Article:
A peer-reviewed paper published in Management Research (Pierce and Aguinis, 2003), enticingly titled “Romantic Relationships in Organizations: A Test of a Model of Formation and Impact Factors”, reported that office romances are potentially good for business: participation in a romantic relationship with a colleague was significantly associated with job satisfaction and commitment to the organization. More recently, in a 2015 paper in the Journal of Managerial Psychology, Doll and colleagues reported that the likelihood of being open to office romance is predicted by an interaction between the organization’s relationship policy, and the level of conscientiousness of the individual concerned.

 

Because not every fling, love affair, hook-up, or even one-night stand can end amicably, the study found that 9% of those surveyed were forced to leave their job due to "irreconcilable relations" with the co-worker they were once bedding. Also, 6% reported losing their job, as in being fired, because of their affair with a co-worker.

 

Types of office romance

 

Each office romance is different, but social scientists point to many basic types, each of which is likely to affect business operations differently.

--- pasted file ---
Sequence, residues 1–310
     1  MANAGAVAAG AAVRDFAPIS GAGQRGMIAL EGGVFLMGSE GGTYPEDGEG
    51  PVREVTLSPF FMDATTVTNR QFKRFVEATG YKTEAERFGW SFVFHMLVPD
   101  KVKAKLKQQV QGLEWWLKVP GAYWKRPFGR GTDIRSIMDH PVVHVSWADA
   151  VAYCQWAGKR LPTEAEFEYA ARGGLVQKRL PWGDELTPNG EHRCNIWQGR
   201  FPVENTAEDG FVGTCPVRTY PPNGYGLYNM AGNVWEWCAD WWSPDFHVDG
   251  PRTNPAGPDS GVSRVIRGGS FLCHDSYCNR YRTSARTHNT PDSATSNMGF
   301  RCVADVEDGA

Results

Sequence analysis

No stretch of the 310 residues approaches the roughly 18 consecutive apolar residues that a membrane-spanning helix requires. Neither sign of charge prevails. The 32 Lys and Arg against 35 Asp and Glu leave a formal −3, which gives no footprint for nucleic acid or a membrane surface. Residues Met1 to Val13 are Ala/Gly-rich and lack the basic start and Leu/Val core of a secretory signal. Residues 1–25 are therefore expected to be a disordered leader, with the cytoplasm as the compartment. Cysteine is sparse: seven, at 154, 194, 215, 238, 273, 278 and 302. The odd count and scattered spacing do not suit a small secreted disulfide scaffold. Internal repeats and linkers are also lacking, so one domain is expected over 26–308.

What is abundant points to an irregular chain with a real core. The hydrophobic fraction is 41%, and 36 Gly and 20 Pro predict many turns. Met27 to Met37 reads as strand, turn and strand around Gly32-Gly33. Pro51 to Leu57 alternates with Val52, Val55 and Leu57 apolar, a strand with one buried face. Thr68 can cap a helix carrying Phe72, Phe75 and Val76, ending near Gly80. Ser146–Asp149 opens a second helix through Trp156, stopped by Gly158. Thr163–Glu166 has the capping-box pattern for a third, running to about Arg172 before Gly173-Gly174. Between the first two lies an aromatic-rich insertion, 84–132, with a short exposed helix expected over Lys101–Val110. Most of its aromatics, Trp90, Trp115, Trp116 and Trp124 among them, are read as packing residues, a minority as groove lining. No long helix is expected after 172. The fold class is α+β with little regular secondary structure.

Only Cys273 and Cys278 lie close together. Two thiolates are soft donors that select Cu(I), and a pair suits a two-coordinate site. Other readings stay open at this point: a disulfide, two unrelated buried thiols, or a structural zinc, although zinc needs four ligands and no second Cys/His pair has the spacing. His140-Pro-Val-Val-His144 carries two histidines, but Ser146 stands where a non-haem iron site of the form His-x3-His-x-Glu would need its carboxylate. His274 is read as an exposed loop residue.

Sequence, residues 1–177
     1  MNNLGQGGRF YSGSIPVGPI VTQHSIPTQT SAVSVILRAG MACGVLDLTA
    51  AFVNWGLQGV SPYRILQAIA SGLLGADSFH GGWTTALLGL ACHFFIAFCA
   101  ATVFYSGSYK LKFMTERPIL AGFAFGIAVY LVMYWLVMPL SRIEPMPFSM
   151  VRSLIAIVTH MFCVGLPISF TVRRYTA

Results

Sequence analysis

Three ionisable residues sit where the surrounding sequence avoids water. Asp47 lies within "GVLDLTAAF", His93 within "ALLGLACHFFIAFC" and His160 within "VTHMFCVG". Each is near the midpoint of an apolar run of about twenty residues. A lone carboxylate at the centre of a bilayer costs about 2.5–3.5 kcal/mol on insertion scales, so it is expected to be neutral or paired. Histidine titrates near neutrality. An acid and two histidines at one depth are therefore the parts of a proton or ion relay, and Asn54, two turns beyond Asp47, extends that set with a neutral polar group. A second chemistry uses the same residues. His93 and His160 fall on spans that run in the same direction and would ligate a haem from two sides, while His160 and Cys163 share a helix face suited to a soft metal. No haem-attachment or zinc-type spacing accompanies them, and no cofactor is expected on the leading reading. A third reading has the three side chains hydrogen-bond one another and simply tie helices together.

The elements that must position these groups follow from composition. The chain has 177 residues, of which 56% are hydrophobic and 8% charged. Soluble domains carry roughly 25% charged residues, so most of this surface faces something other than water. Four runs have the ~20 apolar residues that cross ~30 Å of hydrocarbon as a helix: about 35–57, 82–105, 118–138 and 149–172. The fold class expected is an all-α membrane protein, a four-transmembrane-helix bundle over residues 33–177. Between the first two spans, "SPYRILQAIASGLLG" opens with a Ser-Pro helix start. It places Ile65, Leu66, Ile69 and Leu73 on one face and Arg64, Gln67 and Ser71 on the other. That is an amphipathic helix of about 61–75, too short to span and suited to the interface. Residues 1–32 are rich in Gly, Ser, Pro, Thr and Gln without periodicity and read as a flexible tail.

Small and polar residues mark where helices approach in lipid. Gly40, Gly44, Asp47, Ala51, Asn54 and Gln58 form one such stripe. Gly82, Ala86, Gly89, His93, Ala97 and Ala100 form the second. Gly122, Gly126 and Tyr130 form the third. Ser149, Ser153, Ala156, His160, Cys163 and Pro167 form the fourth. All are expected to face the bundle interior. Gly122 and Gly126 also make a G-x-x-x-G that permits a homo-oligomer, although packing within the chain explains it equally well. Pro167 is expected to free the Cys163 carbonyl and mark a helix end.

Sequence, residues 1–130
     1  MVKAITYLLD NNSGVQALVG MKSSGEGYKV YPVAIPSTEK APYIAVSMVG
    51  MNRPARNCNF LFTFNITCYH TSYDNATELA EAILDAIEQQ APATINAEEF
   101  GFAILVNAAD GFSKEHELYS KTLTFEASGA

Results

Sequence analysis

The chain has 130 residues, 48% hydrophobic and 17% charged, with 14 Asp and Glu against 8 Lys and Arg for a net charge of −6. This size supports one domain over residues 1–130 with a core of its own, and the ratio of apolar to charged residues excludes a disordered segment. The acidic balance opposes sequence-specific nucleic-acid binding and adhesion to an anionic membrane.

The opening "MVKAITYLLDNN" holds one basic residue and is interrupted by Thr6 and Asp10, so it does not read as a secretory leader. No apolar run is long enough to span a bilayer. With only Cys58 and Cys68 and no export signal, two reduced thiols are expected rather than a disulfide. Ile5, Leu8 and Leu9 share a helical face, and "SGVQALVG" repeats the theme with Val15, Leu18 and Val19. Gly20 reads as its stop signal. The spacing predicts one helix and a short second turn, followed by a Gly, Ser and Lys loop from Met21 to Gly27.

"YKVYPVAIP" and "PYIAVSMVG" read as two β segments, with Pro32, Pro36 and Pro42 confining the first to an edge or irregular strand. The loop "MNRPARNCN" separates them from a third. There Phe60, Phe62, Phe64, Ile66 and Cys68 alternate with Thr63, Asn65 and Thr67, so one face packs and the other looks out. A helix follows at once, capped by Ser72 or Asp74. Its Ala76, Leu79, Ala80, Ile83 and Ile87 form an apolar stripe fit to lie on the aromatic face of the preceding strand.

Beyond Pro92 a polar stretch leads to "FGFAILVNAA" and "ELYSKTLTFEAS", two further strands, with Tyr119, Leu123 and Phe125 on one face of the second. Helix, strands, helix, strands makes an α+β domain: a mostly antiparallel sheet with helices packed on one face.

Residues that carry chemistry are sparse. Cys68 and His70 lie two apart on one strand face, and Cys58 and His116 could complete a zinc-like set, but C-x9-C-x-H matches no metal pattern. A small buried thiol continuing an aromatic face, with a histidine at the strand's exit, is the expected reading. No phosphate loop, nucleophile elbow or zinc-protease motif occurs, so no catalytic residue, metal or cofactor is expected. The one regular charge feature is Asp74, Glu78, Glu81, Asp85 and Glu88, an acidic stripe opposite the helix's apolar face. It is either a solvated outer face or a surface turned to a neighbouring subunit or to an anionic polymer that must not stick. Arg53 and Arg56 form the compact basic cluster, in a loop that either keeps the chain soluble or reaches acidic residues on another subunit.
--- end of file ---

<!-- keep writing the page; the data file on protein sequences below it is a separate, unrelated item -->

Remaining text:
1. Extra-Marital affairs

This kind of relationship has a huge effect on the workplace, but the effects of extramarital affairs are often felt most profoundly in the homes of those involved even though they can also take a significant toll in the office too.

 

According to research by Lori Hollander (2011), 85% of affairs begin in the workplace. This usually happens because the workplace provides opportunity and proximity to people outside your family, hence the workplace is the most common place affairs start. Extramarital affairs, when exposed, frequently result in marriage breakdown, 65% of marriages end. This results in serious havoc in the relationship between a worker (or a business owner) and relationship with children, living arrangements, state of mind, etc. Meanwhile, these affairs will cause significant morale and productivity problems within the workplace.

 

 

  1. Flings